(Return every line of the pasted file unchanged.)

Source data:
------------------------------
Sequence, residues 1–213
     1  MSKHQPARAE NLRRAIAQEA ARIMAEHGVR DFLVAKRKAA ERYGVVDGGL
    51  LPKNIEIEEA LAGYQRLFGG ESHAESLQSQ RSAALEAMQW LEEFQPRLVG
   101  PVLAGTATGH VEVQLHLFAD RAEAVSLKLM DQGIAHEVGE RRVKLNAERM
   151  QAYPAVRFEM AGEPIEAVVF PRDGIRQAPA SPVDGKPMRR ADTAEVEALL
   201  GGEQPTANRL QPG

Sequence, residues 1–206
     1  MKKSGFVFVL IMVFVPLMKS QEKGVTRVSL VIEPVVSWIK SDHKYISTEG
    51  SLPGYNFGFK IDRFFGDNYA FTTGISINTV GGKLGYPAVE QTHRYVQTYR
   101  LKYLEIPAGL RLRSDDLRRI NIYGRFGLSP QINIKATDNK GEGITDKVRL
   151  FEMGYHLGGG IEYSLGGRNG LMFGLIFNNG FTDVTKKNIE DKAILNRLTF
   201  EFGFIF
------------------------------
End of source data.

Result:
Sequence, residues 1–213
     1  MSKHQPARAE NLRRAIAQEA ARIMAEHGVR DFLVAKRKAA ERYGVVDGGL
    51  LPKNIEIEEA LAGYQRLFGG ESHAESLQSQ RSAALEAMQW LEEFQPRLVG
   101  PVLAGTATGH VEVQLHLFAD RAEAVSLKLM DQGIAHEVGE RRVKLNAERM
   151  QAYPAVRFEM AGEPIEAVVF PRDGIRQAPA SPVDGKPMRR ADTAEVEALL
   201  GGEQPTANRL QPG

Sequence, residues 1–206
     1  MKKSGFVFVL IMVFVPLMKS QEKGVTRVSL VIEPVVSWIK SDHKYISTEG
    51  SLPGYNFGFK IDRFFGDNYA FTTGISINTV GGKLGYPAVE QTHRYVQTYR
   101  LKYLEIPAGL RLRSDDLRRI NIYGRFGLSP QINIKATDNK GEGITDKVRL
   151  FEMGYHLGGG IEYSLGGRNG LMFGLIFNNG FTDVTKKNIE DKAILNRLTF
   201  EFGFIF